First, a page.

Ontario's 2022 election will be a referendum on how Doug Ford handled the pandemic, experts say
TORONTO -- The Progressive Conservative Party has a significant financial foothold a year ahead of the next provincial election, as political strategists say the 2022 vote will serve as a referendum of Doug Ford’s handling of the COVID-19 pandemic.
It was in 2018 that Ford and the Progressive Conservative Party overturned 15 years of Liberal governance in Ontario with the promise of economic growth and “prosperity the likes of which this province has never known before.”
Four years later, Ford’s future in provincial politics will likely be dictated by his handling of the COVID-19 pandemic instead—a fact not lost on the Progressive Conservatives as they worked over the last six months to solidify political contributions through email campaigns and $1,000-a-ticket virtual fundraisers.
According to party contribution data submitted to Elections Ontario, the Progressive Conservative Party raised more than $2 million in political contributions in the first five months of 2021—nearly three times as much as the other three political parties combined.
The Ontario New Democratic Party comes in second with about $332,813, followed by the Ontario Liberal Party with $233,464 and the Green party with $151,607.
The fundraising lead will be crucial for the Progressive Conservatives, as they fight to regain the confidence of some voters who seemingly turned their backs on the party during the pandemic.
Recent opinion polls saw the party fall to second place behind the Ontario Liberal Party in successive surveys during April and May, before rebounding in the past few weeks.
Still, conservative strategist Jamie Ellerton—a former political staffer at Queen’s Park, who also worked on the 2019 election campaign for the federal Conservative Party—believes the government’s handling of the pandemic will be front and center on voters' minds even one year from now.
“I think this election is going to be a referendum on Doug Ford and his government, that'll be the main focal point of it,” Ellerton said.
“I think it's very much up for debate as to how he will fare on that.”
Other political strategists say the 2022 election could also have personal consequences for several other leaders if the outcomes fall short of the expectations.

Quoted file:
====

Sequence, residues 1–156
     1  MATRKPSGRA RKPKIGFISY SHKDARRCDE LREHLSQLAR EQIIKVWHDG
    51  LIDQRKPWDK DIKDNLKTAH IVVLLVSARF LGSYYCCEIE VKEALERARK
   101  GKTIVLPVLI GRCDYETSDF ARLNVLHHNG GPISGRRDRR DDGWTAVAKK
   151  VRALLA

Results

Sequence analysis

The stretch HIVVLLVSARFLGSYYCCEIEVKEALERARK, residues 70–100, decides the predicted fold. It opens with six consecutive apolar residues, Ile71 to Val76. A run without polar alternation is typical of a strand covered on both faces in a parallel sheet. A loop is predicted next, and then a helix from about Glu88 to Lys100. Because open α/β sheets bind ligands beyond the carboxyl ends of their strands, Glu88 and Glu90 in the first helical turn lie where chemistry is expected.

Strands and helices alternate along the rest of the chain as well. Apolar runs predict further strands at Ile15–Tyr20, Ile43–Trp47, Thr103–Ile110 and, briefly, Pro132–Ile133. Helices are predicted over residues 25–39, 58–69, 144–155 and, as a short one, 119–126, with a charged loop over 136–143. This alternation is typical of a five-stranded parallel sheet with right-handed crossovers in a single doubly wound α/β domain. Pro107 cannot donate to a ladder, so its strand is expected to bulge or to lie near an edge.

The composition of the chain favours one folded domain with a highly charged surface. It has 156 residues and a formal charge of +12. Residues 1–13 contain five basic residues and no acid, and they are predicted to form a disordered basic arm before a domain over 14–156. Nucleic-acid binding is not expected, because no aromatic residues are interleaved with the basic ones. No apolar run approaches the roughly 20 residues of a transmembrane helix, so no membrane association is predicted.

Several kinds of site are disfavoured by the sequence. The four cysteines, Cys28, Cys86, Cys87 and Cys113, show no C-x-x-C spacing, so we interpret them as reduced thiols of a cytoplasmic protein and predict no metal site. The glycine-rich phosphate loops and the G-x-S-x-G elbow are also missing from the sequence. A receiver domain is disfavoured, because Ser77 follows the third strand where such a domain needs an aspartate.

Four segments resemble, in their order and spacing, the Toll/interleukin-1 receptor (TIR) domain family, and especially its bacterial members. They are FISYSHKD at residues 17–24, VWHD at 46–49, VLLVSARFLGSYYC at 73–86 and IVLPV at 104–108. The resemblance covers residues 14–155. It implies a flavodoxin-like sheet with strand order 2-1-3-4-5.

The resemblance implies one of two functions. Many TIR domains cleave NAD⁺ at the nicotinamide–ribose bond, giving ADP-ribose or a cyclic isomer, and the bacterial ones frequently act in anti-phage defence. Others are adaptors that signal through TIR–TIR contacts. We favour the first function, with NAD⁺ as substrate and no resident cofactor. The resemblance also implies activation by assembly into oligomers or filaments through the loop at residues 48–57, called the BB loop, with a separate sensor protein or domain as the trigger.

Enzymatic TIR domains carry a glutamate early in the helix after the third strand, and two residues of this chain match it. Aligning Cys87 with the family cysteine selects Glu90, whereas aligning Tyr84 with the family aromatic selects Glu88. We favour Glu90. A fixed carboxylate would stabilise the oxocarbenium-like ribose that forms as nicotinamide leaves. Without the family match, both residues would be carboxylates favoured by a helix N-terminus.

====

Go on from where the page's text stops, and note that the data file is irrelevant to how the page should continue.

Jim Warren, who served as a communication advisor to former Premier Dalton McGuinty, believes NDP Leader Andrea Horwath has the most to lose during this election—her fourth as leader of the provincial New Democrats.
“This has got to be her last chance to become premier… she's either going to be a premier or she's going to be a private citizen,” Warren said.
While Horwath captured 40 seats during the 2018 election—the highest seat count since Bob Rae’s NDP government in the early 1990s—recent opinion polls have seen the party fall back into third place as the Ontario Liberals gain momentum.
Warren said Steven Del Duca, who was elected Liberal Leader in March 2020, will have an uphill challenge during the 2022 election as a result of low recognition and a hollowed out bank account.
The party recently announced it had paid off its $10 million election debt stemming from the disastrous 2018 vote, which saw the party reduced from a majority government to holding seven seats in the Ontario legislature.
But it’s Ford who stands to lose the most, strategists say, should the election results fall short of the expected result.
“Doug Ford has to win this election and keep the majority, otherwise the knives will be out—because he's so polarizing and because of some of the decisions he's made in government,” Warren said.
Ellerton believes the premier will need to own up to mistakes ahead of the election campaign to soothe the bitter feelings among the public.
“The more stonewalling the PC’s do to pretend that there was no wrongdoing or that mistakes weren't made just further erodes his credibility,” Ellerton said.
CTV News Toronto has reported that Ford’s advisors have already pulled the premier back from the limelight, limiting his exposure and allowing other ministers to “wear” the decision they make -- something strategists believe will help.
“Often in politics, absence makes the heart grow fonder,” Warren said.
With files from CTV News Toronto's Katherine DeClerq